Most people would never consider opening a business without first purchasing property insurance to cover the cost to repair or replace a building or equipment that’s been damaged due to a covered peril. But too many business owners fail to think about how they would keep their business afloat if they were forced to temporarily close. Business income (interruption) coverage also known as business income coverage (BI), can help with operating expenses during the period of restoration, and includes:
- Lost net income (based on financial records)
- Mortgage, rent and lease payments
- Loan payments
- Employee payroll
Business owners should make sure the policy limits are sufficient to cover their company for more than a few days. After a major disaster, it can take more time than many people realize to get “back in business.” Business income coverage likely has a "restoration period.” This is the length of time that a policy will help pay for lost income and extra expenses while the business is being restored. Typically, there’s a 48 to 72-hour waiting period before the period of restoration kicks in. The standard property policy limits the business income restoration period to 30 days, but this period can be extended to 360 days by endorsement.
A business owner’s policy (BOP) often combines property, liability and business income (interruption) coverages for small–to-midsize businesses. Coverage purchased as a package is generally less expensive than if purchased through separate insurance policies and can help ensure proper underlying limits are in place. Normally, companies with 100 employees or fewer and revenues of up to about $5 million or less are candidates for a BOP. Some types of businesses, such as restaurants, may be ineligible for a BOP because of the specific risks inherent in the business and may need to consider buying the individual coverages separately. An endorsement or rider can be added to a commercial property insurance policy that will extend the policy's coverage to business income (interruption) losses.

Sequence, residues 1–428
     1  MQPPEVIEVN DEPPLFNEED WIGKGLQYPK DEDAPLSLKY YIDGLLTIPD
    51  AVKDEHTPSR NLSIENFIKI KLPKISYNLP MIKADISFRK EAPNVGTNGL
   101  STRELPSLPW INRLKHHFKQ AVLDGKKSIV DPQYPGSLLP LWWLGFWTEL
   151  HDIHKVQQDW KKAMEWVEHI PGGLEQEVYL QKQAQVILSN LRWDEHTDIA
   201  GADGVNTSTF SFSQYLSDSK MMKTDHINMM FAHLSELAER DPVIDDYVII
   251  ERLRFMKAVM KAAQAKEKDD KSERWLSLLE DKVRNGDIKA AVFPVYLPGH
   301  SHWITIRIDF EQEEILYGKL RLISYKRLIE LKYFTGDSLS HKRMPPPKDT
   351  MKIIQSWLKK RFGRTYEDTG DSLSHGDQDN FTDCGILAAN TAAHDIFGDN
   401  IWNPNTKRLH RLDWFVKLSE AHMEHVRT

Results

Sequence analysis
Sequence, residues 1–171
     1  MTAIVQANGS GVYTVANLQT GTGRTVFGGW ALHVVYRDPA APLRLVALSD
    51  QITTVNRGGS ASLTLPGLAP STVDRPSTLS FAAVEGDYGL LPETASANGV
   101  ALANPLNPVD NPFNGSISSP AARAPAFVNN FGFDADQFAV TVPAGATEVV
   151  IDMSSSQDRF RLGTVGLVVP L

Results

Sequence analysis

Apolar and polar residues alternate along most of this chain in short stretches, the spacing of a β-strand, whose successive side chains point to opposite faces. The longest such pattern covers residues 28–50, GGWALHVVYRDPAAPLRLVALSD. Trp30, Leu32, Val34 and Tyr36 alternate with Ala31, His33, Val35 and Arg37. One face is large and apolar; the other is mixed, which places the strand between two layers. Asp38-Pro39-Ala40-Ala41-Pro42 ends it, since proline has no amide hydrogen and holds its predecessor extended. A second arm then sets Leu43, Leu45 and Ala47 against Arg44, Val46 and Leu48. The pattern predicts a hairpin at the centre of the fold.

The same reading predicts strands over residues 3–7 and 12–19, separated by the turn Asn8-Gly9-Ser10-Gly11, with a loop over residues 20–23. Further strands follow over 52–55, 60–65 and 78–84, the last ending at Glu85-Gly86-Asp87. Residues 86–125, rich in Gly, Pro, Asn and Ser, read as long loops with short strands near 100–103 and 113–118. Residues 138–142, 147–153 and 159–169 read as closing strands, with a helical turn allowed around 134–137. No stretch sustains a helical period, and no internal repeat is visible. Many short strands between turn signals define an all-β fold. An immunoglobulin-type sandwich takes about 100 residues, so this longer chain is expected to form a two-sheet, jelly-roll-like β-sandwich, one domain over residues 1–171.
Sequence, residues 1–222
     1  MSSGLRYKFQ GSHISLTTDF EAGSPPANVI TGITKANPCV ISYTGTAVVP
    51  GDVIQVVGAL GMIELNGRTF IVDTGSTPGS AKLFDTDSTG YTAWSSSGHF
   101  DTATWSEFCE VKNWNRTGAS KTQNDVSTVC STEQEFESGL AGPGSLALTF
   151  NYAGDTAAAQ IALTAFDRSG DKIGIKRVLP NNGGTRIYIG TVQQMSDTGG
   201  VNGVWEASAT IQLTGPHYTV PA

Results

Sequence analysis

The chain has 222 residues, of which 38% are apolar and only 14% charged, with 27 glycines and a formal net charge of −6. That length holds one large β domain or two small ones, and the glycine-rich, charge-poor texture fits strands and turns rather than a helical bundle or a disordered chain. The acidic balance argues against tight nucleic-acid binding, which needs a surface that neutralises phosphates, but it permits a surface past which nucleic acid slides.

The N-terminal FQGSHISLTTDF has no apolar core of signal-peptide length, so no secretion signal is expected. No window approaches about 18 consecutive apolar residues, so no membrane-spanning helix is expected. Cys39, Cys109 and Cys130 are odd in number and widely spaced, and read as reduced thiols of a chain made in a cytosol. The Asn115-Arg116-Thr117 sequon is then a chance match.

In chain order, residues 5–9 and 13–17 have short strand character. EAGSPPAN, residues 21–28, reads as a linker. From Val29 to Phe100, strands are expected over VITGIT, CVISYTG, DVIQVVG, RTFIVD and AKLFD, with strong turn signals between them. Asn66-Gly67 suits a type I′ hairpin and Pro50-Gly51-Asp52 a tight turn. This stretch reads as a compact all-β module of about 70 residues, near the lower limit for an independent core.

Business income (interruption) insurance does not cover:
- Broken items resulting from a covered event or loss (such as glass)
- Flood or earthquake damage, which are covered by a separate policy
- Undocumented income that’s not listed on your business’ financial records
- Pandemics, viruses, or communicable diseases (such as COVID-19)
How much business income (interruption) insurance coverage is needed?
A good rule of thumb is to use a business’s gross earnings and projections to estimate future profits and determine the right amount of coverage. Remember, if business income (interruption) costs exceed the coverage limit chosen, the business owner will have to pay out of pocket for any extra expenses.
How much does business income (interruption) insurance cost?
It depends on a number of factors, including your:
- Number of employees
- Amount of coverage
- Prior claims experience (if you’ve had to file any claims with your insurer)
The price of the policy can also vary depending on your location. For example, if the business is in an area with a higher risk of hurricanes, the cost of business income (interruption) insurance may increase. A restaurant might have higher premiums than a real estate agency, for example, because of the greater risk of fire. Also, a real estate agency can more easily operate out of another location.